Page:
Ukraine's Zelensky looks to shore up support in Canada visit
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Ukraine's Zelensky looks to shore up support in Canada visit

Zelensky, who in July attended the NATO summit in Vilnius, will meet with Canadian Prime Minister Justin Trudeau, whose country has the second-largest Ukrainian diaspora in the world
Zelensky, who in July attended the NATO summit in Vilnius, will meet with Canadian Prime Minister Justin Trudeau, whose country has the second-largest Ukrainian diaspora in the world

OTTAWA - Ukrainian President Volodymyr Zelensky will address Canada's parliament and meet with Prime Minister Justin Trudeau in Ottawa on Friday, seeking to rally more support for his country as it fights Russia's invasion.

OTTAWA - Ukrainian President Volodymyr Zelensky will address Canada's parliament and meet with Prime Minister Justin Trudeau in Ottawa on Friday, seeking to rally more support for his country as it fights Russia's invasion.

Trudeau was on hand to greet Zelensky when he landed in the capital Ottawa late Thursday, following a visit to the United States where he won warm words of support -- and weapons -- from US President Joe Biden, but also confronted skeptical Republicans who want to cut off aid.

Canada has provided Ukraine with $6.6 billion (CAD$8.9 billion) in military and other aid since the Russian invasion began in February 2022.

"The Ukrainian people are the tip of the spear that is determining the future of the 21st century. Canada remains unwavering in our support to the people of Ukraine," Trudeau said in a statement ahead of Zelensky's arrival.

The Ukrainian president will meet Trudeau in Ottawa, where Zelensky will also address parliament before the pair head to Toronto for talks with business leaders and members of the Ukrainian-Canadian community.

Canadian officials said Zelensky is expected to press upon Canadians that its fight is existential and that it needs help.

"Am I worried about whether the rest of the world, the rest of our allies will continue to be resolute? Of course. You have to work hard to maintain that support, to maintain that coalition," Deputy Prime Minister Chrystia Freeland told public broadcaster CBC late Thursday.

"Canada is doing that every single day because we believe our national security and our most fundamental values are at stake here," she said.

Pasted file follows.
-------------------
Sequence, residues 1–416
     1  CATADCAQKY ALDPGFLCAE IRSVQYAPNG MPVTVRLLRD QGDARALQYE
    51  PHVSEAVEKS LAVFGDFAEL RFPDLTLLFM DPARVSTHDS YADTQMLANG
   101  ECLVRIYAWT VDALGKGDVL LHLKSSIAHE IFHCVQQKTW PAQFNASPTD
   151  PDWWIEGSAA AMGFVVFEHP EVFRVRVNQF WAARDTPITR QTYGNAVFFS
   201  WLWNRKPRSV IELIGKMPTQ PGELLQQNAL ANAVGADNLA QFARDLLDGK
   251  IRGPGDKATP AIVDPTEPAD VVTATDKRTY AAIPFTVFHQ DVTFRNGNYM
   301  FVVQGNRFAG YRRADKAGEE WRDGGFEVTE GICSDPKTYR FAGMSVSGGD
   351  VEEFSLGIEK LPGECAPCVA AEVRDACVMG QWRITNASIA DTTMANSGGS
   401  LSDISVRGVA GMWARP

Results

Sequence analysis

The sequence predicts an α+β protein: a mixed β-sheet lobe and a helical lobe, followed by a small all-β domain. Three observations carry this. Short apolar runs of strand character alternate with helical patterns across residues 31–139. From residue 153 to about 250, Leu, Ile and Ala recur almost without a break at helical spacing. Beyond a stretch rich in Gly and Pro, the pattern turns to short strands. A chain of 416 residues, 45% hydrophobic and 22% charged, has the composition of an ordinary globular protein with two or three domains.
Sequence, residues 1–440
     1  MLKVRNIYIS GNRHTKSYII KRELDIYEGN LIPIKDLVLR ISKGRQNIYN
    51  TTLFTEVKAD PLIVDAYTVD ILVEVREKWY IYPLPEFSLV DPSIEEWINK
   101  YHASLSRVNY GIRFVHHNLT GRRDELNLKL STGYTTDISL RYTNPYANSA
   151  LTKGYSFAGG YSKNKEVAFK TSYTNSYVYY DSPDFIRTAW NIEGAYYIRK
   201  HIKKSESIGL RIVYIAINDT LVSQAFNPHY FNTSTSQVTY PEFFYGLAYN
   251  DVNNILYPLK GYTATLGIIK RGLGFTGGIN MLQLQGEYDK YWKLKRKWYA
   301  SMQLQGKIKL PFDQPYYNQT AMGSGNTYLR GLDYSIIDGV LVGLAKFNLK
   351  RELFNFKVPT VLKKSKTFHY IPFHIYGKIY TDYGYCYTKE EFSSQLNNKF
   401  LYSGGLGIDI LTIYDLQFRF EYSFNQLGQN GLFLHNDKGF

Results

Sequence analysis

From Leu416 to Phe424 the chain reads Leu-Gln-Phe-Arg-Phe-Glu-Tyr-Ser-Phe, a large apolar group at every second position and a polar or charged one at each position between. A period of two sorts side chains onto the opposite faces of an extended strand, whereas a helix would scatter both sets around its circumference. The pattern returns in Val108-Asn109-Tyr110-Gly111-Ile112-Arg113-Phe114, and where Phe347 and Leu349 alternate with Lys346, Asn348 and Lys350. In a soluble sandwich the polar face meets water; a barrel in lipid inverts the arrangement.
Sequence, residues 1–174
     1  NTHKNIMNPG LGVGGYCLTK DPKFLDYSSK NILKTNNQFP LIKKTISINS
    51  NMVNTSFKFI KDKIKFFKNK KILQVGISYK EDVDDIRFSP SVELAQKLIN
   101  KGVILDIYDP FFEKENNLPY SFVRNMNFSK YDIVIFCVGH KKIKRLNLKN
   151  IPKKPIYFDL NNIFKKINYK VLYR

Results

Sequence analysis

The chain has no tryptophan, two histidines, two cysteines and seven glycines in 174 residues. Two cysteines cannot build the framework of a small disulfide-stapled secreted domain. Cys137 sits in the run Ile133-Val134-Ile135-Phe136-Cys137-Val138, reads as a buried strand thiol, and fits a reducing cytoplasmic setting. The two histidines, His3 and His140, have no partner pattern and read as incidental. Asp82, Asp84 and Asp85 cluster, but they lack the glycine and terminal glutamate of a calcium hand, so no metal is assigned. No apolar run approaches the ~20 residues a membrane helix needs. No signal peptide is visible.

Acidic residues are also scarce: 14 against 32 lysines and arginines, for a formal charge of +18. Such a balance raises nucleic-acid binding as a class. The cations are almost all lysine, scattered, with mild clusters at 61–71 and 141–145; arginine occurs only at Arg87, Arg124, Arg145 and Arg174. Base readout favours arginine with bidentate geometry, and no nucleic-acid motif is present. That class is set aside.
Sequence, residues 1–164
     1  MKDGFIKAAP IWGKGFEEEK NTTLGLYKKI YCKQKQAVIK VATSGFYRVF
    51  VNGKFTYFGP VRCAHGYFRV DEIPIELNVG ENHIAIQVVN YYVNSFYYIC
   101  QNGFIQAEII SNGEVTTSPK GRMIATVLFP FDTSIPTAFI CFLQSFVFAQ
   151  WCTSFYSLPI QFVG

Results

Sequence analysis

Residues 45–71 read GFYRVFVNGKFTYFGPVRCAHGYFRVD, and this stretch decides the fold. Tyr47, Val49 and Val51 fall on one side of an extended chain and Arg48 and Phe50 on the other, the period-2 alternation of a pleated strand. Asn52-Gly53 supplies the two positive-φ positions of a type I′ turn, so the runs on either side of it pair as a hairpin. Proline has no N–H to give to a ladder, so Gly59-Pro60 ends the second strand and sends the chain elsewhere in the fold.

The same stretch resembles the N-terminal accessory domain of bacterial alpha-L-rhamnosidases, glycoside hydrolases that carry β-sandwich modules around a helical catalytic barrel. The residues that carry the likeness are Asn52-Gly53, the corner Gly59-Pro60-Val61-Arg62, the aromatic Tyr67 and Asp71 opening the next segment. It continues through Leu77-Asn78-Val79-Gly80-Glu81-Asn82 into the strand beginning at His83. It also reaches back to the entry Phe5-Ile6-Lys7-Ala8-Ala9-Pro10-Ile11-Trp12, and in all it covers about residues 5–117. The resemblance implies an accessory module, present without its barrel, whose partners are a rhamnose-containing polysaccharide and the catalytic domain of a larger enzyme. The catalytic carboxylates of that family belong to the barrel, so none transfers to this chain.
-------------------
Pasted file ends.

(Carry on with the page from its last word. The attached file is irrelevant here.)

Canada is home to the world's second-largest Ukrainian diaspora after Russia, with about 1.36 million people of Ukrainian origin living here, according to government data.

Canada's aid to Ukraine has included more than $1.3 billion in military aid, including Leopard 2 tanks, air defense and artillery systems, anti-tank weapons, drones and other equipment.

It has also trained more than 36,000 Ukrainian soldiers.

"If we can play a role in stiffening the spines of some of our other friends and allies we'll be happy to do that too," Freeland added.

- 'We're with you' -

On Thursday, Zelensky confronted potentially fracturing political support in the United States for his country's demands for more arms to push back the Russian invasion.

"We're with you and we're staying with you," Biden told Zelensky after their top teams met at the White House.

Wearing his trademark olive green military-style shirt, Zelensky said Ukraine "has exactly what our soldiers need" after Biden announced a new package of US military aid, including sophisticated air defense weapons.

But behind the visuals -- firm handshakes across a grand cabinet table and shows of solidarity in the Oval Office -- lay the fact that Zelensky's second wartime trip to Washington was far tougher than the first.

He received a hero's welcome when he visited in December but this time, he spent his closed-door meetings in the US Congress desperately trying to overcome growing war fatigue from Republicans.

Hardline Republicans are threatening to block Democrat Biden's request for a fresh $24 billion aid package for Ukraine, and it has now become caught up in a bitter spending battle that could spark a US government shutdown.

- 'No alternative' -

Biden said alongside Zelensky that there was "no alternative" to backing the Ukraine funding, adding that he was "counting on the good judgment of the United States Congress."

The key part of Zelensky's visit to Washington was to a deeply divided Congress.

The hard-right faction dominating the Republican Party is increasingly adamant that the aid spigot should be turned off, with Congress having already approved $100 billion in aid to date, including $43 billion in weaponry.

On Capitol Hill, Zelensky got a notably discreet welcome from the Republican Speaker of the House of Representatives, Kevin McCarthy, who is having trouble keeping a lid on internal party squabbling over US spending in Ukraine.

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